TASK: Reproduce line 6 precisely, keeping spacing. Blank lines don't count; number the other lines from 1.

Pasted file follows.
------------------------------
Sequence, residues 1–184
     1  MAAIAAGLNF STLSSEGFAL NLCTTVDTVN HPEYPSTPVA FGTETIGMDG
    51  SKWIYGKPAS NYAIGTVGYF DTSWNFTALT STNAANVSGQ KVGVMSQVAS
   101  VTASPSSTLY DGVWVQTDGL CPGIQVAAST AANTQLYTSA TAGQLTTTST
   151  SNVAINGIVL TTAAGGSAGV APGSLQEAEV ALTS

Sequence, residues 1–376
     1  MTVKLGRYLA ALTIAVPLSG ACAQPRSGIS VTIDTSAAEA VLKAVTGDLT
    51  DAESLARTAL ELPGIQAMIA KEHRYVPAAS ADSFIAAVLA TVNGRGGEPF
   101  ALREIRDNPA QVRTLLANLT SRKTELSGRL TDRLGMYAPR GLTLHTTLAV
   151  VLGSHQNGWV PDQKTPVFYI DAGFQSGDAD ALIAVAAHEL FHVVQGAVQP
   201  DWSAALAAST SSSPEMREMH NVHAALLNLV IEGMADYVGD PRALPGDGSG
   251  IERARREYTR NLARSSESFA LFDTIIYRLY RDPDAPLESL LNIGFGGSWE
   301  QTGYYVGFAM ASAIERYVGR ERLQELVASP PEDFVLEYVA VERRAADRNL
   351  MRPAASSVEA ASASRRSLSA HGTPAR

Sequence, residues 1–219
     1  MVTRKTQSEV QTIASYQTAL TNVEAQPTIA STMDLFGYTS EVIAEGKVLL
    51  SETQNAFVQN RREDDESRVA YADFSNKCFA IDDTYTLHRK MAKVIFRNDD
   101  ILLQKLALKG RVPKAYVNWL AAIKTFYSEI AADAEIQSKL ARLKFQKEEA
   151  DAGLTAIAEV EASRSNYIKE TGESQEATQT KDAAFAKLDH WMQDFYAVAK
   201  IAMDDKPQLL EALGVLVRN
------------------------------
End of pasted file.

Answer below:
Sequence, residues 1–376